Regorafenib has been demonstrated in our previous study to trigger apoptosis through suppression of extracellular signal-regulated kinase (ERK)/nuclear factor-κB (NF-κB) activation in hepatocellular carcinoma (HCC) SK-Hep1 cells in vitro. However, the effect of regorafenib on NF-κB-modulated tumor progression in HCC in vivo is ambiguous. The aim of the present study is to investigate the effect of regorafenib on NF-κB-modulated tumor progression in HCC bearing mouse model. pGL4.50 luciferase reporter vector transfected SK-Hep1 (SK-Hep1/luc2) and Hep3B 2.1-7 tumor bearing mice were established and used for the present study. Mice were treated with vehicle or regorafenib (20 mg/kg/day by gavage) for 14 days. Effects of regorafenib on tumor growth and protein expression together with toxicity of regorafenib were evaluated with digital caliper and bioluminescence imaging (BLI), ex vivo Western blotting immunohistochemistry (IHC) staining, and measurement of body weight and pathological examination of liver tissue, respectively, in SK-Hep1/luc2 and Hep3B 2.1-7 tumor bearing mice. The results indicated regorafenib significantly reduced tumor growth and expression of phosphorylated ERK, NF-κB p65 (Ser536), phosphorylated AKT, and tumor progression-associated proteins. In addition, we found regorafenib induced both extrinsic and intrinsic apoptotic pathways. Body weight and liver morphology were not affected by regorafenib treatment. Our findings present the mechanism of tumor progression inhibition by regorafenib is linked to suppression of ERK/NF-κB signaling in SK-Hep1/luc2 and Hep3B 2.1-7 tumor bearing mice.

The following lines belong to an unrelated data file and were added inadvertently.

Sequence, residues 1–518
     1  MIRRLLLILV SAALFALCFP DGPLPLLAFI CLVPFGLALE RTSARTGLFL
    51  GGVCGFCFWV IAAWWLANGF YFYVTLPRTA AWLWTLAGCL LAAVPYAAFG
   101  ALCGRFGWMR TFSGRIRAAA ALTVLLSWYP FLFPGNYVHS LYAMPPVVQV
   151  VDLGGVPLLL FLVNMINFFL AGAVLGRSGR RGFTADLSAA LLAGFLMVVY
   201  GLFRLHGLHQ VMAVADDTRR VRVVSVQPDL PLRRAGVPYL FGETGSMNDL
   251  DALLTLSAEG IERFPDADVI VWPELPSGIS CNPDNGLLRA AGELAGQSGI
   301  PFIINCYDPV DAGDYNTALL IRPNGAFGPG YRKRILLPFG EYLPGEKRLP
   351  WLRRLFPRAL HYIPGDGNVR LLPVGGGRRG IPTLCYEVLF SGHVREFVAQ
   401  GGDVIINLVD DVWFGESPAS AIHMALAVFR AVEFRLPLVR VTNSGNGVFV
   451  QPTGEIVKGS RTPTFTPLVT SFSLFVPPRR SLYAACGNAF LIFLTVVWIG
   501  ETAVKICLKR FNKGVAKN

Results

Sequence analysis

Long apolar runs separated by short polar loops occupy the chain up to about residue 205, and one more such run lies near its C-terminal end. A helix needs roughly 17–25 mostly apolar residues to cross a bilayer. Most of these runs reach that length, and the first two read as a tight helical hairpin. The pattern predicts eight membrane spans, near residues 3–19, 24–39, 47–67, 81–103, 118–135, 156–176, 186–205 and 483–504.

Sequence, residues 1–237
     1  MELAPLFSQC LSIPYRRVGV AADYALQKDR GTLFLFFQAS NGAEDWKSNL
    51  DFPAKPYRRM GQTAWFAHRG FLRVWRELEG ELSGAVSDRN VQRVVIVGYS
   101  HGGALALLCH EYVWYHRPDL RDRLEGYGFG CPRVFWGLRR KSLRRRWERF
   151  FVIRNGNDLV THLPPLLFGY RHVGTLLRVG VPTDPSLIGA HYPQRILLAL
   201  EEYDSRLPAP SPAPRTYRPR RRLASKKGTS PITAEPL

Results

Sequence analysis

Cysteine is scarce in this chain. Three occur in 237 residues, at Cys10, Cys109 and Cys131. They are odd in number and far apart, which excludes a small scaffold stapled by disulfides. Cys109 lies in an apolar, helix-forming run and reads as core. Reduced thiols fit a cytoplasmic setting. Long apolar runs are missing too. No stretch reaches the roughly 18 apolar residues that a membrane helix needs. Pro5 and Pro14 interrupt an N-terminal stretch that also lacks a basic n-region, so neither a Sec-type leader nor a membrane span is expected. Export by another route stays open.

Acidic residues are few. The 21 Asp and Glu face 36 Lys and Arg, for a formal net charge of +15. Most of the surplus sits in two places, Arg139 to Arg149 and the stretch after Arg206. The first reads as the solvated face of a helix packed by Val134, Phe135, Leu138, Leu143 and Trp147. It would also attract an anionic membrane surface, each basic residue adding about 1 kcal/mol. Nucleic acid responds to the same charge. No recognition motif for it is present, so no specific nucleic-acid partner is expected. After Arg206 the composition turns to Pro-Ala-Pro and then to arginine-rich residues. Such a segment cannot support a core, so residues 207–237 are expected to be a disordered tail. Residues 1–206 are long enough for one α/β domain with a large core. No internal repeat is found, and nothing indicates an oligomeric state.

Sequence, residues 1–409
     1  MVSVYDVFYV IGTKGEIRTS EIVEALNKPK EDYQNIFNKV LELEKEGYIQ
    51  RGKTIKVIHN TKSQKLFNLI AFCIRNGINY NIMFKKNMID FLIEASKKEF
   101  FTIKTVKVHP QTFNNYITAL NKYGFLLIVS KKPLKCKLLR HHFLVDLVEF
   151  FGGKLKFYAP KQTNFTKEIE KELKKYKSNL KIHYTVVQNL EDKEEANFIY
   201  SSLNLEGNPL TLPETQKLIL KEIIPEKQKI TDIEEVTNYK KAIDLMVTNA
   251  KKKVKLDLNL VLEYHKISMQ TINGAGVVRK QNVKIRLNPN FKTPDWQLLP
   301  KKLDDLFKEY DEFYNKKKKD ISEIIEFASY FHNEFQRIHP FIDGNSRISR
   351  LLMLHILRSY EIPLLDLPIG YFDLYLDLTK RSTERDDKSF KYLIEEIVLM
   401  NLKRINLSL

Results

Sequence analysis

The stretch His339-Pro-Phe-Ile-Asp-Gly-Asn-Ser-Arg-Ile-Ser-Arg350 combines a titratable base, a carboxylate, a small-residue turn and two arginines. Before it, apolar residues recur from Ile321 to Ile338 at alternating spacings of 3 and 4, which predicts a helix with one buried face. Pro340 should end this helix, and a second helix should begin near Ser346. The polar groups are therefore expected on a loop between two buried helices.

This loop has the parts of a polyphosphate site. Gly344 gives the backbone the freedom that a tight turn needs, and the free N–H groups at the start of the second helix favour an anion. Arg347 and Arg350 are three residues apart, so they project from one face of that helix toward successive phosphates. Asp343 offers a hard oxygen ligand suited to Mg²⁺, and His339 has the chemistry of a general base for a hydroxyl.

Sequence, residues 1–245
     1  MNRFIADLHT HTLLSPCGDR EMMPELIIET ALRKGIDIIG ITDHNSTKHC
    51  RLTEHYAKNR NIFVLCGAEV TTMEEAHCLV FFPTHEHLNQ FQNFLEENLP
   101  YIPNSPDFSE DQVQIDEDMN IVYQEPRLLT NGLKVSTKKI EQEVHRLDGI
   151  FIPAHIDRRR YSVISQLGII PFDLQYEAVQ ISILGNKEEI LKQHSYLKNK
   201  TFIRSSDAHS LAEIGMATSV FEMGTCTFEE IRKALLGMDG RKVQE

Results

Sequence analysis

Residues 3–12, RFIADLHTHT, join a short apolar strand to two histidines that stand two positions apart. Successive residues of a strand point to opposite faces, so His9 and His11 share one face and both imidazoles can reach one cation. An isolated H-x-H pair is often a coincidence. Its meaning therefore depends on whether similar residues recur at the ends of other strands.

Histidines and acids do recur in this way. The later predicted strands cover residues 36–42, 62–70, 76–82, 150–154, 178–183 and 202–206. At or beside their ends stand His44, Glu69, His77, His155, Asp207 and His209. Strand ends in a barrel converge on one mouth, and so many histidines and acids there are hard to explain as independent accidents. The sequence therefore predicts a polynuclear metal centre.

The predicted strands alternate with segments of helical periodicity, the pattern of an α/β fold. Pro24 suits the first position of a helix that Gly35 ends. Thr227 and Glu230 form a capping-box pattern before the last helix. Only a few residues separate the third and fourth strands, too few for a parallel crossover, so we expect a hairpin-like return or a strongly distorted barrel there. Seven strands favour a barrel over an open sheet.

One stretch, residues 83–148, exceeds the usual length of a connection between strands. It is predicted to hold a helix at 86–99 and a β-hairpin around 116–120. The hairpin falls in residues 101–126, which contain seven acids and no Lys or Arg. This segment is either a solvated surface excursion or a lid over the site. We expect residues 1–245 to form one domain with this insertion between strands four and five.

Introduction

Human hepatocellular carcinoma (HCC), or primary malignancy of the liver, is notorious for the high mortality rate [1]. Progression of HCC is characterized by several cancer hallmarks such as sustained cell proliferation, evading apoptosis, and induction of angiogenesis and metastasis [2]. Many proliferative, antiapoptotic, angiogenic, and metastatic proteins are overexpressed and associated with poor prognosis in HCC patients [3,4].

Nuclear factor-κB (NF-κB), a transcription factor, modulates immunity, inflammation, and tumorigenesis through expression of NF-κB target genes. Activation of NF-κB can be triggered by upstream kinases and lead to expression of proliferative, antiapoptotic, angiogenic, and metastatic proteins in cancer cells [5]. Constitutive activation of NF-κB signal pathway was observed in HCC and may be a therapeutic target for HCC [6]. Many anti-HCC agents not only induce cytotoxicity but also activate NF-κB signal pathway resulting in limitation of therapeutic efficacy [7]. Inhibition of NF-κB signal pathway can block tumor progression in HCC in vitro and in vivo [8]. Therefore, patients with HCC may obtain benefit from development of inhibitors of NF-κB signal pathway.

Regorafenib (Stivarga), an analog of sorafenib, has been approved to treat HCC to prolong survival in patients who progressed on sorafenib treatment [9]. Previous studies indicate regorafenib induces apoptosis and inhibits metastatic potential through suppression of NF-κB activation in HCC cells in vitro [4,7]. However, whether regorafenib reduces NF-κB-modulated tumor progression in HCC in vivo needs to be elucidated. The aim of the present study is to investigate the effects of regorafenib on NF-κB-modulated tumor progression in SK-Hep1 hepatocellular carcinoma bearing mice. Effects of regorafenib on tumor growth and expression of NF-κB modulated angiogenic, metastatic, proliferative, and antiapoptotic proteins were evaluated by using caliper, bioluminescence imaging (BLI), ex vivo Western blotting, and immunohistochemistry (IHC) staining. The toxicity of regorafenib was determined with body weight of mice and hematoxylin and eosin (H&E) staining of liver sections.